Below is an excerpt of a well-researched and written article about tarot cards. The author has the following to say about Raider-Waite:
Even if you aren’t familiar with tarot-card reading, you’ve likely seen one of the common decks, like the famous Rider-Waite, which has been continually printed since 1909. Named for publisher William Rider and popular mystic A.E. Waite, who commissioned Pamela Colman Smith to illustrate the deck, the Rider-Waite helped bring about the rise of 20th-century occult tarot used by mystical readers.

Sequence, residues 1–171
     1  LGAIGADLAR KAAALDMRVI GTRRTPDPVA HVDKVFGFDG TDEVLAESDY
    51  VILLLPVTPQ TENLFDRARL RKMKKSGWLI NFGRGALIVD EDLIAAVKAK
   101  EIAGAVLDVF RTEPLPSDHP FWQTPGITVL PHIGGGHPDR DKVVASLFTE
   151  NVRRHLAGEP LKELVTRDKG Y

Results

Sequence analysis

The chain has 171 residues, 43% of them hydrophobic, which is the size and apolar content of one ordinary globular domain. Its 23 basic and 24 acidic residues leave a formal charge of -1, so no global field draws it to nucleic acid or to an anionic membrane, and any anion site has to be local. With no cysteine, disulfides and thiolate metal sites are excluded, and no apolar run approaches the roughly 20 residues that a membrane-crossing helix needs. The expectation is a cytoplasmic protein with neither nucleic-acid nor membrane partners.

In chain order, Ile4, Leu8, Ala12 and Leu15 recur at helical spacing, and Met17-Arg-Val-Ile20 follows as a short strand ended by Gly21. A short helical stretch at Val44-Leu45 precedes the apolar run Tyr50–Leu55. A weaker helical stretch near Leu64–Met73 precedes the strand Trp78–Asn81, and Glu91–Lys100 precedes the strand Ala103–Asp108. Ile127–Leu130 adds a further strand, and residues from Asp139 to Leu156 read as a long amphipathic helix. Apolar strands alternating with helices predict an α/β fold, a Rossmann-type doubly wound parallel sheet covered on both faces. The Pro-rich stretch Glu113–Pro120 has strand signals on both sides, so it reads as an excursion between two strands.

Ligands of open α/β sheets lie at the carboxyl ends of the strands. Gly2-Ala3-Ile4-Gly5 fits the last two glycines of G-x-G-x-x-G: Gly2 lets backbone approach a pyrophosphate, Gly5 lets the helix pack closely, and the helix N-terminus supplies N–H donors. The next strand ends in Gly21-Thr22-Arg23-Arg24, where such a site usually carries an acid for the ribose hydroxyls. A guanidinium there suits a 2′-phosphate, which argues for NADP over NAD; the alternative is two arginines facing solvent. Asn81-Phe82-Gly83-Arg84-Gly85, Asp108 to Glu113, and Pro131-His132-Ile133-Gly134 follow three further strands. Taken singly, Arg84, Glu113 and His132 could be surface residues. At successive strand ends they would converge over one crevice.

“The Rider-Waite deck was designed for divination and included a book written by Waite in which he explained much of the esoteric meaning behind the imagery,” says Wolf. “People say its revolutionary point of genius is that the pip cards are ‘illustrated,’ meaning that Colman Smith incorporated the number of suit signs into little scenes, and when taken together, they tell a story in pictures. This strong narrative element gives readers something to latch onto, in that it is relatively intuitive to look at a combination of cards and derive your own story from them.
“The deck really took off in popularity when Stuart Kaplan obtained the publishing rights and developed an audience for it in the early ’70s,” says Wolf. Kaplan helped renew interest in card reading with his 1977 book, Tarot Cards for Fun and Fortune Telling, and has since written several volumes on tarot.